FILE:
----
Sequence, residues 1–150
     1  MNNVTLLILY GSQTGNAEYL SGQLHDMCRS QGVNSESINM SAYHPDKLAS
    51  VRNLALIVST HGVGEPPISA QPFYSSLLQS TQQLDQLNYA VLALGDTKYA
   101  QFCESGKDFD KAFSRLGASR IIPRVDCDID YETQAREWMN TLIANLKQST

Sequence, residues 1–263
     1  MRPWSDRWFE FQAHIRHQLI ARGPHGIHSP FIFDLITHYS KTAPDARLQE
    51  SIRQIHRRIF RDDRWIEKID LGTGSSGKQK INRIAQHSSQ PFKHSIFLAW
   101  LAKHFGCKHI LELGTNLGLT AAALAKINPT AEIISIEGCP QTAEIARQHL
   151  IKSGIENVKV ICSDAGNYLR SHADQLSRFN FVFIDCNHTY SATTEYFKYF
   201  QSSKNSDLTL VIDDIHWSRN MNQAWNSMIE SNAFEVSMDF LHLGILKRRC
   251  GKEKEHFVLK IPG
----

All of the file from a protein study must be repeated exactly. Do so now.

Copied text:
Sequence, residues 1–150
     1  MNNVTLLILY GSQTGNAEYL SGQLHDMCRS QGVNSESINM SAYHPDKLAS
    51  VRNLALIVST HGVGEPPISA QPFYSSLLQS TQQLDQLNYA VLALGDTKYA
   101  QFCESGKDFD KAFSRLGASR IIPRVDCDID YETQAREWMN TLIANLKQST

Sequence, residues 1–263
     1  MRPWSDRWFE FQAHIRHQLI ARGPHGIHSP FIFDLITHYS KTAPDARLQE
    51  SIRQIHRRIF RDDRWIEKID LGTGSSGKQK INRIAQHSSQ PFKHSIFLAW
   101  LAKHFGCKHI LELGTNLGLT AAALAKINPT AEIISIEGCP QTAEIARQHL
   151  IKSGIENVKV ICSDAGNYLR SHADQLSRFN FVFIDCNHTY SATTEYFKYF
   201  QSSKNSDLTL VIDDIHWSRN MNQAWNSMIE SNAFEVSMDF LHLGILKRRC
   251  GKEKEHFVLK IPG